Magical Realism




Last Sunday morning I was pretending to write something of terrible importance here while furtively checking my e-mail. I drank my tea, picked out my password with two fingers of my right hand, and considered going to church. Then I found out about the Andrew Wyeth tribute at the Brandywine River Art Museum. ooooooh…

Not that the Brandywine River Museum normally highlights artists who aren’t Wyeths. This was something special though. Christina’s World was on loan for the weekend from the Museum of Modern Art. It rarely leaves New York City. This is not one of my favorite paintings honestly, but the chance to see such an icon of American art up close and personal in a setting as intimate as the Brandywine made me more than a little excited. I vibrated with it. And, of course, it’s Andrew Wyeth. I am a self-confessed Wyeth-ite. I know. What could be more obvious, right? A serious artist would eschew such rustic realism. This is not the stuff of great art. It’s too provincial. Too acceptable to the masses. But I do consider myself a serious artist and I love Wyeth’s work. It’s realistic, yes. There’s more to it than that though. There’s an element of mystery often that verges on mysticism. Something other-worldly and slightly surreal. Magic. And in Wyeth’s paintings there’s always a story unfolding. You have to look quietly, to listen with your eyes. Someone’s just left the room, there’s a breath taken, a pause…

“It’s a moment that I’m after, a fleeting moment, but not a frozen moment.”

That’s the quote that was next to his Snow Hill. Again, not a favorite of mine but I like the quote. I came across another quote paired with a painting and searched the room for someone with a pen. The man I spotted making notes of his own handed me his pen as if he had some choice in the matter. It was cute. He even tried a little small talk. He’s never been to a gallery with me.

“I do an awful lot of thinking and dreaming about things in the past and the future – the timelessness of the rocks and the hills – all the people who have existed there. I prefer winter and fall, when you feel the bone structure of the landscape – the loneliness of it, the dead feeling of winter. Something waits beneath it, the whole story doesn’t show.”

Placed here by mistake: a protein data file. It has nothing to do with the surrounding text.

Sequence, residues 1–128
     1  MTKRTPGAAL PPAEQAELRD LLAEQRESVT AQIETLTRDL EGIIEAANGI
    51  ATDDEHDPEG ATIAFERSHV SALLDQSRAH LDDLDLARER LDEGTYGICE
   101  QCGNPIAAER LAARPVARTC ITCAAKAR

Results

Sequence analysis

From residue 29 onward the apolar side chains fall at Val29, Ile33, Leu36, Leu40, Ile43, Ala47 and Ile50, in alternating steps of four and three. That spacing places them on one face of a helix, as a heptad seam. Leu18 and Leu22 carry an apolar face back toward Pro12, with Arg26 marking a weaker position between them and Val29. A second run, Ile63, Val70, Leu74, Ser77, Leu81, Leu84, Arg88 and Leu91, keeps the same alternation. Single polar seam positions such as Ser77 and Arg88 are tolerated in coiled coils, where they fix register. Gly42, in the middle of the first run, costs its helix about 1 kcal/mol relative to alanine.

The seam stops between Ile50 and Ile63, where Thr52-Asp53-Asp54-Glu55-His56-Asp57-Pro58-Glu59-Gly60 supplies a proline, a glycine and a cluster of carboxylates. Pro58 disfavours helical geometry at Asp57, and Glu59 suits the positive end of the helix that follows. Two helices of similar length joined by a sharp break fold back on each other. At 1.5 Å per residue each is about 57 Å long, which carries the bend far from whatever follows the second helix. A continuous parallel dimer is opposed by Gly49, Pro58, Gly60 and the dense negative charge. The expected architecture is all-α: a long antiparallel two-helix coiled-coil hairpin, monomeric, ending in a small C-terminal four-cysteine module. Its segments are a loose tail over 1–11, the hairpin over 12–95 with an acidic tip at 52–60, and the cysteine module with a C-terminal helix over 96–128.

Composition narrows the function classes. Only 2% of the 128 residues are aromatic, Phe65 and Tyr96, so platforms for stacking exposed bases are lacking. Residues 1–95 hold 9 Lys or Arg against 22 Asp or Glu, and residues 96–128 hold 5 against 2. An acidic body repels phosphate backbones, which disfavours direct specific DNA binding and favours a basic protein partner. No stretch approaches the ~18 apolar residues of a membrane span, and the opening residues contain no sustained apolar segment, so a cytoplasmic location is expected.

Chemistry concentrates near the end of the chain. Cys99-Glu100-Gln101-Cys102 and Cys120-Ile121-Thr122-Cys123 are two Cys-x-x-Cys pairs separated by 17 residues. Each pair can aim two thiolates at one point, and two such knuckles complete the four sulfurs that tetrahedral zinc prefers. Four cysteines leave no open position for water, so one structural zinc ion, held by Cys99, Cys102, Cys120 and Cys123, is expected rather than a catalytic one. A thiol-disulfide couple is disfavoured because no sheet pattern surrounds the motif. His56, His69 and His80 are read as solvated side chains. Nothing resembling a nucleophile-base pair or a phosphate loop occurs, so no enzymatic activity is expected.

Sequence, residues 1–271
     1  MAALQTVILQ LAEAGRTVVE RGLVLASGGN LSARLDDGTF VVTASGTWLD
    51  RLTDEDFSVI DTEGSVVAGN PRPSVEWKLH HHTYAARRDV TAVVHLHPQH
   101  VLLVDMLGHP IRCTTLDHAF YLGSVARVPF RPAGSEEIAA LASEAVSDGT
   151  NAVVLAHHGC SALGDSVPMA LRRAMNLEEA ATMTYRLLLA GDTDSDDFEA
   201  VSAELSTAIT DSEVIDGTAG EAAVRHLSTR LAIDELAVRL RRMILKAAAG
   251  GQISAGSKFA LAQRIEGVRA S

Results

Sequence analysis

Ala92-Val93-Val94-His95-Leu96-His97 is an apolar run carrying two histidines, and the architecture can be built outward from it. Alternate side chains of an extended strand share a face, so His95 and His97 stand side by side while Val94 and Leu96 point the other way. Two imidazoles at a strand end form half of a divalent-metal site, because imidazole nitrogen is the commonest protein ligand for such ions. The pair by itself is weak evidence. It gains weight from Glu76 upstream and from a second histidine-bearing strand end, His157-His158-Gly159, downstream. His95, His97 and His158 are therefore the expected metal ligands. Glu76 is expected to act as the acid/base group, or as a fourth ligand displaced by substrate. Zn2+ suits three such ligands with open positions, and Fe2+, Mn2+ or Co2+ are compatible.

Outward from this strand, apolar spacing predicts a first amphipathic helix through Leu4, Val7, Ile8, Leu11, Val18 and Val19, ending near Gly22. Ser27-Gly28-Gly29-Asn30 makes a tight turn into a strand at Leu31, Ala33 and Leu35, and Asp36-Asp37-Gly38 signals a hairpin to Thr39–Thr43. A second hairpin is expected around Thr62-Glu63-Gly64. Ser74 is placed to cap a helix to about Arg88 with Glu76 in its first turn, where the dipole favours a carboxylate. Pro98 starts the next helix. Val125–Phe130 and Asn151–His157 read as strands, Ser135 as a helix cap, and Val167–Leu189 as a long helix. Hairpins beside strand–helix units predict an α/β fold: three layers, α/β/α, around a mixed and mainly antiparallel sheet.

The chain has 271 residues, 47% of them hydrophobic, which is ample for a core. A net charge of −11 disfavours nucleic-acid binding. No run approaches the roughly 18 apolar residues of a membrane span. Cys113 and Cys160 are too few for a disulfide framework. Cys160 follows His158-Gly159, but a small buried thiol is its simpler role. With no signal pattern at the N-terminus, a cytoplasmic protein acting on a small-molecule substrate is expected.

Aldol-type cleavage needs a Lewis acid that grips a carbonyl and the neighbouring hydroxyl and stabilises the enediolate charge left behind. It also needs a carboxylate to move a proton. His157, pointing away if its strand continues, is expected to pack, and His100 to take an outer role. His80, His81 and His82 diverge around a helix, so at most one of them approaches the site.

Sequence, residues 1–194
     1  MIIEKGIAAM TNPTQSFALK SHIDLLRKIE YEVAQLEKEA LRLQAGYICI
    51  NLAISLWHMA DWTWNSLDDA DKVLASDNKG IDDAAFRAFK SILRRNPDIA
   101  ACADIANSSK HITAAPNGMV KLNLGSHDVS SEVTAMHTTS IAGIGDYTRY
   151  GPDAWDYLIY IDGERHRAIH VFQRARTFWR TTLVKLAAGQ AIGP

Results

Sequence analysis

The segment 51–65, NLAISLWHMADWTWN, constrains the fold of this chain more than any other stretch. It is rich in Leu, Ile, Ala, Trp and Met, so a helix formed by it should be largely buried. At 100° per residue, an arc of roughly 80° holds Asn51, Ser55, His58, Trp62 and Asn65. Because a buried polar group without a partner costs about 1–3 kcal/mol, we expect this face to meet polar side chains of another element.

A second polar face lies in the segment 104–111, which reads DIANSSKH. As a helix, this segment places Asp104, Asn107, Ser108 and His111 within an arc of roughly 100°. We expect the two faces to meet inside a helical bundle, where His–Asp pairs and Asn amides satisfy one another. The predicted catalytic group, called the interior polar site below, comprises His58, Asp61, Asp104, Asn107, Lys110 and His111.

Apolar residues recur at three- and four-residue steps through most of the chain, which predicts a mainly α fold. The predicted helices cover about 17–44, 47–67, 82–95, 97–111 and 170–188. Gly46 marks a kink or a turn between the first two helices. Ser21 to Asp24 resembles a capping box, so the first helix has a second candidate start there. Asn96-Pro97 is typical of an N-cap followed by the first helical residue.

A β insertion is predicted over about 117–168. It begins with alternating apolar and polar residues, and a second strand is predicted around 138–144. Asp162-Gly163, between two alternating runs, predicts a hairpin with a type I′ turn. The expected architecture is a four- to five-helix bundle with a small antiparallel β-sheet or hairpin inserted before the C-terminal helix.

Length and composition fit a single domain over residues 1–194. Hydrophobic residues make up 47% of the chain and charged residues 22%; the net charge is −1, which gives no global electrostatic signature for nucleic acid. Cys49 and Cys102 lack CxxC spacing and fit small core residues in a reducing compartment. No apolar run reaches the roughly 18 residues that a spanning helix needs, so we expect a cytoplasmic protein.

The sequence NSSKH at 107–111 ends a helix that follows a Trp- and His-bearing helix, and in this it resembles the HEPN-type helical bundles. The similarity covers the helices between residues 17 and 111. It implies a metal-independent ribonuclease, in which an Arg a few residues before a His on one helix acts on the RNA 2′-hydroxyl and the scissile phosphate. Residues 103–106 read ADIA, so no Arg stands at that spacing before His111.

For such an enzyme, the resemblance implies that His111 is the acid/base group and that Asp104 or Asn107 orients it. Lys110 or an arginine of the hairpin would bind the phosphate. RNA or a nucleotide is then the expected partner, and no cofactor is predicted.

Although I don’t really prefer winter (At all! It’s cold!) to any other season, I read that and thought: Yes. Exactly. And then I remembered I’d drug four children and a husband along. Not hearing them made me nervous. But there they all were, admiring Christina’s World from a respectable distance, held back by stanchions and rope. The sight made me smile. My nine year-old and I had had a scholarly discussion of that very painting on the drive to the museum. There’s a print of it hanging in the art room at school and so she knew all about it. “Are you going to buy it, Mom?” she had asked. And there she was, reveling in the fact that she was standing within two feet of it. She could tell her teacher and say “My mom decided not to buy it”. She asked a lot of questions. This child has a gift for interrogation. She’s verbally interactive. Her mother frequently is not. But she’d hit my weak spot. I could have gabbed about texture techniques and negative space till they died of boredom. Catching my son’s eye I knew they were close to it. But they were good and as we walked he admired the realism of the water and assorted livestock. The nine year-old kept up the barrage of questions. “Who’s that? What happened to her? Is she naked? How did he get those pumpkins stacked like that? Is that dog asleep? It looks like he used white paint. I thought you said it wasn’t cool to use white paint in watercolor. Is this a watercolor? What’s egg tempera? It looks like white paint…”


We made our way through, wondering at an elderly man that painted motorcycles at stop lights and at the mastery of his last painting – aptly titled Goodbye. Then we visited his father, NC Wyeth. Left the white on white of the special exhibit gallery, filled with the seeming lightness of watercolor and egg tempera, and entered the dark, barnlike gallery of huge, heavy oils depicting shipwrecks and swordfights. My son stepped in and his eyes grew big. “Wow!” Scenes from Treasure Island, The Black Arrow, Last of the Mohicans, and more surrounded us, including my personal favorite, RL Stevenson’s Kidnapped. The pixie shouted “Is that guy dead?” and patted The Siege of the Round-House, a huge painting of a scene from Kidnapped. All five fingers and a palm. She leaned. Hard. The canvas sagged inward. I was twenty feet away and paralyzed by horror and – I’ll admit – awe. This child of mine has touched an NC Wyeth painting. Completely and totally touched it. Loved it without reservation, left her imprint upon it and made it her own. It’s a sight I hope I never forget. This is the way she lives. Fully. When I say to friends that I fear for the world for her sake, this is what I mean. There’s no moderation in her. She consumes life and everyone in it whole and all I can do is watch in horror and awe. This is the way NC Wyeth lived; The way Andrew Wyeth was raised. Beneath those fine fairy features she is brilliant, wild, genius, and I have to remember to rejoice, if tremblingly, in it.